Georgia’s sweeping elections overhaul faces new legal challenge

Gov. Brian Kemp signs into law Senate Bill 202, an overhaul of the state's election system during a closed-door ceremony Thursday at the Georgia Capitol.
Gov. Brian Kemp signs into law Senate Bill 202, an overhaul of the state's election system during a closed-door ceremony Thursday at the Georgia Capitol.

Credit: Gov. Brian Kemp's office

Credit: Gov. Brian Kemp's office

A coalition of advocacy groups on Sunday filed a federal lawsuit seeking to block Republican-backed voting restrictions signed into law last week by Gov. Brian Kemp, the second legal challenge aiming to derail the far-reaching new elections overhaul.

The complaint calls Senate Bill 202 the “culmination of a concerted effort to suppress the participation of Black voters and other voters of color” in response to Democratic victories in November and January. It asks a judge to declare the law unconstitutional and in violation of the Voting Rights Act.

“Unable to stem the tide of these demographic changes or change the voting patterns of voters of color, these officials have resorted to attempting to suppress the vote of Black voters and other voters of color in order to maintain the tenuous hold that the Republican Party has in Georgia,” the lawsuit states.

“In other words, these officials are using racial discrimination as a means of achieving a partisan end.”

More: Fight over Georgia election rewrite now heads from Legislature to new fronts

It was filed Sunday in U.S. District Court in Atlanta by the Georgia chapter of the NAACP, the Georgia Coalition for the People’s Agenda, the League of Women Voters of Georgia, the GALEO Latino Community Development Fund, Common Cause and the Lower Muskogee Creek Tribe.

Read the lawsuit

It’s the latest challenge that targets the vast rewrite of Georgia’s election rules pushed through the Republican-led Legislature, changes motivated in part by false claims about last year’s election results. Election officials have said repeatedly there’s no evidence of widespread fraud in those contests.

Hours after Kemp signed the measure into law during a closed-door ceremony in his office, three voting rights groups filed a separate lawsuit saying that Georgia’s voting limits were unjustified because they’re based on former President Donald Trump’s falsehoods.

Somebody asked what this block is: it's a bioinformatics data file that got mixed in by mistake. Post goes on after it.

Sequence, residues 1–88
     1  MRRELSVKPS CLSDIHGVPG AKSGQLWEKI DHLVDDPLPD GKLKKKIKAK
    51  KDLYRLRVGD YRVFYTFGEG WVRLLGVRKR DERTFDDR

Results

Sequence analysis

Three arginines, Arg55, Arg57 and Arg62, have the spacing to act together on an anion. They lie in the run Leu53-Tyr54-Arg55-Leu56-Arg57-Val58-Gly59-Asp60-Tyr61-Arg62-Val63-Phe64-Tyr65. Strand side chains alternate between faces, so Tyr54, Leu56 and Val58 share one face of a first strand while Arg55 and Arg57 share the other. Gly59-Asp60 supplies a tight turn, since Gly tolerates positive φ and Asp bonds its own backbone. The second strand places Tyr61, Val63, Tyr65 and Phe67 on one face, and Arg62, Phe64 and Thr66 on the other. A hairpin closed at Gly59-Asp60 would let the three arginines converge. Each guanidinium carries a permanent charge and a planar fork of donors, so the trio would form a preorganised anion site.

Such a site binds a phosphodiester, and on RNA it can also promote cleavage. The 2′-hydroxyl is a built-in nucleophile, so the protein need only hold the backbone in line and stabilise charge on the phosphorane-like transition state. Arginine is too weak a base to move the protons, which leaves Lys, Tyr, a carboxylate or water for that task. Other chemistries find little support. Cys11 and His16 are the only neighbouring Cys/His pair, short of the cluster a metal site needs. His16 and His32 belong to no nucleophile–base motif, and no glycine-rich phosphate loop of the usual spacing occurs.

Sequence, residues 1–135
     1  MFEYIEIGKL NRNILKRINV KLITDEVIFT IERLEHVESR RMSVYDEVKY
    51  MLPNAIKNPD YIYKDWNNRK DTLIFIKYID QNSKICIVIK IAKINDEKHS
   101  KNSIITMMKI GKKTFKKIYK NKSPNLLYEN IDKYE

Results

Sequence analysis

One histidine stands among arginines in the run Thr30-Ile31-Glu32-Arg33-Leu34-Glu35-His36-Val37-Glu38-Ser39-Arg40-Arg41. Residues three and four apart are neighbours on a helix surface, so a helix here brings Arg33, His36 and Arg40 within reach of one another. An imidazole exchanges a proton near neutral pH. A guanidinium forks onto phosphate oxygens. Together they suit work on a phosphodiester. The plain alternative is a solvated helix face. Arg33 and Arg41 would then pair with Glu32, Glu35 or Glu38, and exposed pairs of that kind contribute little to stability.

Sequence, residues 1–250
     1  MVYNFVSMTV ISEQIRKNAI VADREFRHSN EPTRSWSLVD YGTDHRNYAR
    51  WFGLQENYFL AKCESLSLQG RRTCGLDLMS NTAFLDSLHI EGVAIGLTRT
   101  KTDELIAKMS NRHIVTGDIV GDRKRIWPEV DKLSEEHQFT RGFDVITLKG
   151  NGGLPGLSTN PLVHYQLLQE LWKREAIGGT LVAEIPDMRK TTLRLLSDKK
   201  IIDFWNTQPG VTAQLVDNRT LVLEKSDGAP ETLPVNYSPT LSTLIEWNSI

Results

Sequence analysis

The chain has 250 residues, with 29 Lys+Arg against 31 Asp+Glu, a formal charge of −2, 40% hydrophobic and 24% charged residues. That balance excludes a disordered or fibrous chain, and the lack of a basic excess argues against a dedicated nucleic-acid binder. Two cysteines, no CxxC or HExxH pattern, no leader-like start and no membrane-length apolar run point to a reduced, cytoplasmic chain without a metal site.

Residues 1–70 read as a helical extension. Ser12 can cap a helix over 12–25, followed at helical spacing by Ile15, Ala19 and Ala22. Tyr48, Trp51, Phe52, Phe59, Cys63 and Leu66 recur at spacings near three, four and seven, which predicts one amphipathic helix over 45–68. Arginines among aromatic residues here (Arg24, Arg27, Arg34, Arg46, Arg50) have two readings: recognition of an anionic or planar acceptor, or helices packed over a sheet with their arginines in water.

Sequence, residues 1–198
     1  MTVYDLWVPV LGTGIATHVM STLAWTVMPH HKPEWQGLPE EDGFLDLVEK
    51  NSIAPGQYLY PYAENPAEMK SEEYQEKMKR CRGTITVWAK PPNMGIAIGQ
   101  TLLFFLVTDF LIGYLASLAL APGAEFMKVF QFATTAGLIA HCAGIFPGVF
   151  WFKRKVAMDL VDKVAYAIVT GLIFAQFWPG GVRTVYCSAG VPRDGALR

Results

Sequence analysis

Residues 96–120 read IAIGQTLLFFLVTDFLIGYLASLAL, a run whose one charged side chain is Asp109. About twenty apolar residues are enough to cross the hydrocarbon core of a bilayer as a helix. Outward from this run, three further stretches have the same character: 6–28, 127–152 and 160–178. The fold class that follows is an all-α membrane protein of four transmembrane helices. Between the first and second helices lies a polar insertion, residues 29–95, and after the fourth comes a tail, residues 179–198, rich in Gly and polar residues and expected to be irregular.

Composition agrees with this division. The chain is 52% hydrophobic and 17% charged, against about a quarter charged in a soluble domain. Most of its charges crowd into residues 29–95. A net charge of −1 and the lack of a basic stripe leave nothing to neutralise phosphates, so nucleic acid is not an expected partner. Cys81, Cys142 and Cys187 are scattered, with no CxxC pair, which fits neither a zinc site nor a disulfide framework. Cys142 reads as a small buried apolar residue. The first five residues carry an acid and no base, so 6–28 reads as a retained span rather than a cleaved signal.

More: New Georgia law changes voting rules — and maybe results

The new law imposes ID requirements for mail-in voters, curbs the availability of drop boxes, allows state takeovers of local elections, and restricts outside groups from distributing food and drinks to waiting voters. It also limits in-person early voting to one week before most runoff elections.

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Providing the facts and context that help readers understand the current debate over voting laws is a priority for The Atlanta Journal-Constitution. For a better understanding of the issues driving Legislative action, click on these links.

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Kemp and other supporters, including former Republican U.S. Sen. Kelly Loeffler, say the measure is needed to restore confidence in a battered election system.

“We know that when Georgians don’t have confidence in the integrity of our elections, they don’t turn out to vote. We saw that in January,” said Loeffler, who lost a U.S. Senate runoff that month. “It’s not a partisan issue. It’s about making sure every Georgian knows their vote counts.”

Republican Attorney General Chris Carr said his office would “properly evaluate this law and defend the state and its citizens.”

The lawsuit filed Sunday said the “onerous and unnecessary ID requirements” for absentee voters will disproportionately harm Black and Latino voters who are less likely to have the necessary identification and hold jobs that give them flexibility to take off work during the reduced time that early voting and drop boxes are available.

“The thinly-veiled attempt to roll back the progress we have made to empower Georgians — to use their voices in the democratic process — creates an arbitrary law that does not improve voter confidence, secure election integrity nor increase access to the ballot box,” said the Rev. James Woodall, president of the state NAACP.

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